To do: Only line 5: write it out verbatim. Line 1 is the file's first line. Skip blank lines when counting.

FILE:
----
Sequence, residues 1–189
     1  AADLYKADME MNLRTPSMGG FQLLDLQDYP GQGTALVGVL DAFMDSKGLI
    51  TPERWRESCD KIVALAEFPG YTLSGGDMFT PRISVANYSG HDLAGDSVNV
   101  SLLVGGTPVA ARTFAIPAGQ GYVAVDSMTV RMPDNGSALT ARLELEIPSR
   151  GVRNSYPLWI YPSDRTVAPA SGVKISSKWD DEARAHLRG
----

   151  GVRNSYPLWI YPSDRTVAPA SGVKISSKWD DEARAHLRG